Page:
Subjective perception of cocaine reward in mice assessed by a single exposure place preference (sePP) paradigm

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Annika H. Runegaard, Kathrine Louise Jensen, Ditte Dencker, Gitta Wörtwein, Ulrik Gether

Background The potential of abused drugs to induce addiction and compulsive drug-related behavior is associated with their ability to alter dopamine signaling. Dopamine plays a key role in reward signaling and it has been of great interest to investigate how various drugs of abuse alter reward-related behavior. Comparison with existing methods In rodents, the rewarding effects of drugs have often been assessed in self-administration or place preference paradigms; both involving repeated drug exposure and weeks of training and testing. New method Our investigation describes a valid approach to assess the initial rewarding effects of cocaine in mice with a single exposure place preference (sePP) paradigm, avoiding repeated drug injections. Results We present the sePP paradigm with a 3-day protocol to assess the initial rewarding effects of cocaine. Interestingly, only male mice exhibit sePP to cocaine. To assess subsequent drug-related behavior, the protocol was extended by 3 days of extinction followed by reinstatement on day 10. Conclusion The sePP paradigm provides a reliable and convenient approach to assess the initial rewarding effects of cocaine, circumventing the need for repeated drug injections. The sePP protocol allows further dissection of the mechanism and influence of initial cocaine exposure on subsequent drug-related behaviors by including extinction and reinstatement. The lack of sePP in female mice may reflect a biologically relevant sex difference in the initial subjective perception of cocaine-induced reward. This could relate to and explain why males and females have been reported to respond differently to cocaine and cocaine-associated cues.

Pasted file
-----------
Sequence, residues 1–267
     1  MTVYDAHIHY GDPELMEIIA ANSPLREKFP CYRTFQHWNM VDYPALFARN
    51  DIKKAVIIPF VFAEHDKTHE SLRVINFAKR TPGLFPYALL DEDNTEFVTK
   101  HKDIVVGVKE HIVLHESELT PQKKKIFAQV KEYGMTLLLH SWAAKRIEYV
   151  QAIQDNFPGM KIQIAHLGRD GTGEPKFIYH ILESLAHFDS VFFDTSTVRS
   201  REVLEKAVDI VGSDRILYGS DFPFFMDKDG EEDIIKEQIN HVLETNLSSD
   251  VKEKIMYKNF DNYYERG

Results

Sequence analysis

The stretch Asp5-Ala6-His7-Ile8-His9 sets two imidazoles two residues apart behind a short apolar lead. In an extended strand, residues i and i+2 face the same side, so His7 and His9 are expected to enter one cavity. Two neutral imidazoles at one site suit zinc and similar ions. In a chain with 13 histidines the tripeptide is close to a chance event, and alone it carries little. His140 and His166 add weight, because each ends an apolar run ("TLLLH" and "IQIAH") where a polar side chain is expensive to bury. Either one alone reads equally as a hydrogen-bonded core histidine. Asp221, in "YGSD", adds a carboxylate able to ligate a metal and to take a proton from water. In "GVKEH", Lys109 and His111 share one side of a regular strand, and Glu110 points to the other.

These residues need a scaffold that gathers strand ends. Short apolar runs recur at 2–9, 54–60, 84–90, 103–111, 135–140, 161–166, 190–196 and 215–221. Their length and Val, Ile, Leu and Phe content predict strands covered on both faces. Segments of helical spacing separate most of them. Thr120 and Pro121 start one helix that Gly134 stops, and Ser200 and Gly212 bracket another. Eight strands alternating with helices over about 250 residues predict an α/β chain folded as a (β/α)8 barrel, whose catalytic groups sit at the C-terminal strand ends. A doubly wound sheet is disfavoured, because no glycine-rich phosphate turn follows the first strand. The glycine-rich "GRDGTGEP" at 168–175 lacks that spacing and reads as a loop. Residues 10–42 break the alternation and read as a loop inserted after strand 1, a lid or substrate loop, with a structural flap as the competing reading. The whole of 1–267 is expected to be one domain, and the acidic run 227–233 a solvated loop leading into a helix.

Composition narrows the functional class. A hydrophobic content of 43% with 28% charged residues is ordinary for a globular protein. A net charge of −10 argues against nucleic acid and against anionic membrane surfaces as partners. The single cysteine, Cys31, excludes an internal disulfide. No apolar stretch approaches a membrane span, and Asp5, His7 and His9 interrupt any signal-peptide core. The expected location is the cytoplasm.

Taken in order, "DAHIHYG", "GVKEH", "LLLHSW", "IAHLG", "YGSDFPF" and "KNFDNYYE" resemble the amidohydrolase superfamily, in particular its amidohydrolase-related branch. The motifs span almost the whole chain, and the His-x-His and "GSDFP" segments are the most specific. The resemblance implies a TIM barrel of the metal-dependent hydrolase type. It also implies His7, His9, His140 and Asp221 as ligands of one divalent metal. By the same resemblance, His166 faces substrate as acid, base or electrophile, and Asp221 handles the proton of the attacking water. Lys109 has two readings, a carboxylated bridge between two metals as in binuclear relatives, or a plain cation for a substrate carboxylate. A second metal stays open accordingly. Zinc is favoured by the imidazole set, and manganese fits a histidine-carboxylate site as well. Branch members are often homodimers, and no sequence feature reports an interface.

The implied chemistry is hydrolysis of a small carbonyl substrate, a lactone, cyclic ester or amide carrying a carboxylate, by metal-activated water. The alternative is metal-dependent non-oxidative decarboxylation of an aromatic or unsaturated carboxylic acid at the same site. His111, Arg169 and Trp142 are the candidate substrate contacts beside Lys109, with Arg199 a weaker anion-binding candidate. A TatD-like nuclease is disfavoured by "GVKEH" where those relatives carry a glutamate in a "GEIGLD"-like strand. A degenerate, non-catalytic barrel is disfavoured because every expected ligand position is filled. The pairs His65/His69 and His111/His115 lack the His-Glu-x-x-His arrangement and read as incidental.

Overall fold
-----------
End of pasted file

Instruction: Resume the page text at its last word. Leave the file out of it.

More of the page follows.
Original languageEnglish
JournalJournal of Neuroscience Methods
Volume289
Pages (from-to)85-92
Number of pages8
ISSN0165-0270
DOIs
Publication statusPublished - 2017

    Research areas

  • Cocaine, CPP, Place preference, Psychostimulant, Reward, Single-exposure place preference

ID: 188450102